, FAQ, Steele Industries Inc



Yes. We keep hard copies of orders starting in 2021. (If you ordered earlier than 2021, you can send your device in and we will be able to obtain the spec sheets.) To request copies of your paperwork, please email orders@steeleindinc.com with the following: First & Last Name, Email, Order #.


We do not have payment plans, but we do have financing options through Credova, as well as Sweetpay. You can find more information about both of those options here: https://steeleindustries.com/financing/


We recommend using lithium batteries for all of our night vision devices. DO NOT use rechargeable batteries. Please make sure batteries are taken out of the device when you are done using it.


We do offer active military, law enforcement, first responders, and medical professionals a discount. To receive the discount code, contact us via email at sales@steeleindinc.com using your work email or sending proof of status via ID card.


The US Food and Drug Administration (FDA) oversees all infrared lasers, which are known as Class IIIb or IEC Class 3B Medical/Industrial Lasers. Class IIIb and IEC Class 3B lasers have output powers ranging from 5 to 500 mW. Only Image Intensifier Night Vision technology can see IR Lasers, which are invisible to the naked eye. IR lasers can cause serious damage to eyes if they are exposed to this, as well as the high intensity at which they operate. Bright light causes a natural aversion in human and animal eyes. The normal response to being exposed is to close or avert one’s eyes. There is no reflexive reaction to look away or near IR lasers because they are invisible to the naked eye. This suggests that the victim can be exposed without even realizing it, resulting in severe injury or permanent blindness. As a result, it’s easy to see why these devices aren’t available for purchase.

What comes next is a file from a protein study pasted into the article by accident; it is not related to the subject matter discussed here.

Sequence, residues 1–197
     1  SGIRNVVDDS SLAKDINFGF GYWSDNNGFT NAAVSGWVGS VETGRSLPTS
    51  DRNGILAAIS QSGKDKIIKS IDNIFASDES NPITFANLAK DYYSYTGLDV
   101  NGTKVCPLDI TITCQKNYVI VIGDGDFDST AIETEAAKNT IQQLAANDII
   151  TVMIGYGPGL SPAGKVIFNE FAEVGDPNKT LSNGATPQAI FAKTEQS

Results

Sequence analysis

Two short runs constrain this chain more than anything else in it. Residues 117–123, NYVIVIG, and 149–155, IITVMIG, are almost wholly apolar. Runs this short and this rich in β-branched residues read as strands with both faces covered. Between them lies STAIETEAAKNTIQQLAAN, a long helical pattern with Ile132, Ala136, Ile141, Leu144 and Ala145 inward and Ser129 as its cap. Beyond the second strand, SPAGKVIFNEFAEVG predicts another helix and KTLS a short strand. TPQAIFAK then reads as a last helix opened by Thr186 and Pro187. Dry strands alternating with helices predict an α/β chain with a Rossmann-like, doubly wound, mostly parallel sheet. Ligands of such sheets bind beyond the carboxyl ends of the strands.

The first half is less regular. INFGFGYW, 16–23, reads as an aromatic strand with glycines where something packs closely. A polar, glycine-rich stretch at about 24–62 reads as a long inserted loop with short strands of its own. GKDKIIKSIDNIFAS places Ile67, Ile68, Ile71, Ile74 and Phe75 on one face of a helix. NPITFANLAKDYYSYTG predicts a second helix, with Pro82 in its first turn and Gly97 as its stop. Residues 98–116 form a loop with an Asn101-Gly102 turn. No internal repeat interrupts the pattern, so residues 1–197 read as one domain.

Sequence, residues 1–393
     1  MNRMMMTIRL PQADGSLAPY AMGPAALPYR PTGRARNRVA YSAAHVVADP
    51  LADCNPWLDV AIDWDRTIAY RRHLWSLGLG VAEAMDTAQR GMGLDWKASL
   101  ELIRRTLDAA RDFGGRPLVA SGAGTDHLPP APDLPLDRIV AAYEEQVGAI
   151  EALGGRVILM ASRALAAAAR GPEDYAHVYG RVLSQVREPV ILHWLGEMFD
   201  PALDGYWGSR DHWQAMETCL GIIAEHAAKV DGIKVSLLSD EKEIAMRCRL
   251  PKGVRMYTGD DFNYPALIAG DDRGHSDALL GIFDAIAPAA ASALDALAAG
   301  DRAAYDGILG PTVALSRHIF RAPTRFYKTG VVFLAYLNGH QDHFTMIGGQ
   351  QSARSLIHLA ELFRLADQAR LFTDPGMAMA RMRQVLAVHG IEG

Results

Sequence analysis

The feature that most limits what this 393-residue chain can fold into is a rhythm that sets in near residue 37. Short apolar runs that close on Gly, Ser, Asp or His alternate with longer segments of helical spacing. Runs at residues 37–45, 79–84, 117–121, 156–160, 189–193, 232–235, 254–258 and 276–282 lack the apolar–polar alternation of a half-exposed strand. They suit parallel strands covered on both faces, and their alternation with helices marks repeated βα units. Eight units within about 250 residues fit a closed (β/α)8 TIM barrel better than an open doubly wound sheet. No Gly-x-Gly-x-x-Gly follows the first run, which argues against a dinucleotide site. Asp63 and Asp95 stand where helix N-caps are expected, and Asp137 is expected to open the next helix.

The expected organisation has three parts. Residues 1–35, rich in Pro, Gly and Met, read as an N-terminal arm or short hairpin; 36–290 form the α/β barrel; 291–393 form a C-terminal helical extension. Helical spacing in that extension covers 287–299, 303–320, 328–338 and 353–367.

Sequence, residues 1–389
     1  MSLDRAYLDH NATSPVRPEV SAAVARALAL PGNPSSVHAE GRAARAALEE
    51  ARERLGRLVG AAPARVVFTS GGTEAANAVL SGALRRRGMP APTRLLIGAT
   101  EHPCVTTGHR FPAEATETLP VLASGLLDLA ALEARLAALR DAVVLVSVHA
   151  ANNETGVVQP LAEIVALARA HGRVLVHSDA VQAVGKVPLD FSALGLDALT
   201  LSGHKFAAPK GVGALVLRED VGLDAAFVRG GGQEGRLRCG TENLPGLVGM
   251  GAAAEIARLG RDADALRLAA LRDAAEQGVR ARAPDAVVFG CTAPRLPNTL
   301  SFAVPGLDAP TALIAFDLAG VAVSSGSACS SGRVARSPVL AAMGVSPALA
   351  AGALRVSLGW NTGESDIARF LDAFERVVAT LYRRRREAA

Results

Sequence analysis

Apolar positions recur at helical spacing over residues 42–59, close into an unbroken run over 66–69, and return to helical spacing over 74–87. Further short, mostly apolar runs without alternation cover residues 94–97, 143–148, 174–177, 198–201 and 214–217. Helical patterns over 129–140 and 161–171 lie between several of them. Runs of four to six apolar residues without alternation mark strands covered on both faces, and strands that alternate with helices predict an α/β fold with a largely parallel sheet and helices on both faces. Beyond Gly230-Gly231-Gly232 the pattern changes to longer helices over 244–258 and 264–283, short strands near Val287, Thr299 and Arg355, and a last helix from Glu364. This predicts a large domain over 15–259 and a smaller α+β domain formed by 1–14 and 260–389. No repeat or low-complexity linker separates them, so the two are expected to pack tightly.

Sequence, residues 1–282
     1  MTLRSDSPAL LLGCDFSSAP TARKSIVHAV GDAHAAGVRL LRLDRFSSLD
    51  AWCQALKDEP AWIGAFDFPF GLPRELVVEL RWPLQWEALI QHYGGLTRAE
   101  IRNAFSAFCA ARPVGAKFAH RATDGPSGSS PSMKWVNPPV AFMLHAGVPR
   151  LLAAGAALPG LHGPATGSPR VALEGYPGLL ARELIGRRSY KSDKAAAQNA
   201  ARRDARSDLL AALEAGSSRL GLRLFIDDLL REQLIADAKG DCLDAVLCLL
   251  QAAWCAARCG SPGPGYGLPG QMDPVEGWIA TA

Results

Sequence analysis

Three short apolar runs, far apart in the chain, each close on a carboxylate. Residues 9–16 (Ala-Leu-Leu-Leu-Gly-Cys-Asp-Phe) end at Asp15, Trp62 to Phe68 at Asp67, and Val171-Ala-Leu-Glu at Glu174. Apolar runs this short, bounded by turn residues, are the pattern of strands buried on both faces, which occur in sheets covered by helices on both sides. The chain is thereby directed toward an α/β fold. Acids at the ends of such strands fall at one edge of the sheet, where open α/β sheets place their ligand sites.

If a government or law enforcement department or organization decides to buy an IR laser unit, we will process the PO and send a disclosure form and letter signed by the Chief Law Enforcement Officer or CO to the manufacturer, who will then drop-ship the IR units to the department address. The IR laser systems do not fall into our possession from the manufacturer.


We offer financing through multiple providers. Please visit the “Financing” tab in the footer to view your options.


There are no limitations on civilians possessing Night Vision Image Intensifiers or Thermal Imaging Equipment imposed by the government. Individual manufacturers impose restrictions on our website as part of their own company policies, which we must follow. These limitations are normally imposed in response to high demand from the US Department of Defense, and there are simply insufficient units to meet the needs of the civilian sector as well.


Not without valid approval from the US State Department. It is a federal offense to do so without such permission, and you will be sentenced to a federal prison. This isn’t a joke, and claiming “ignorance” won’t help you in court. Night Vision Devices in the United States are highly sensitive goods whose sale is strictly controlled and enforced. The International Traffic in Arms Regulation (ITAR) applies to it, which states

Export of the commodities described herein is strictly prohibited without a valid export license issued by the U.S. Department of State Office of Defense Trade Controls prescribed in the International Traffic in Arms Regulation (ITAR), Title 22 Code of Federal Regulation, Parts 120-130.

Full ITAR language can be found here: https://www.pmddtc.state.gov/regulations_laws/itar_official.html

Travel is included in the export of Night Vision Devices. This means that if you leave the country, you will be unable to take a night vision system with you. This means that it cannot be taken out of the country by plane (checked or carry-on luggage), train, cruise, or vehicle. You will be sentenced to a Federal Penitentiary if you do so in breach of ITAR. This applies to both civilians and law enforcement officers (in short, flashing a badge will only make you less popular at the Federal Penitentiary).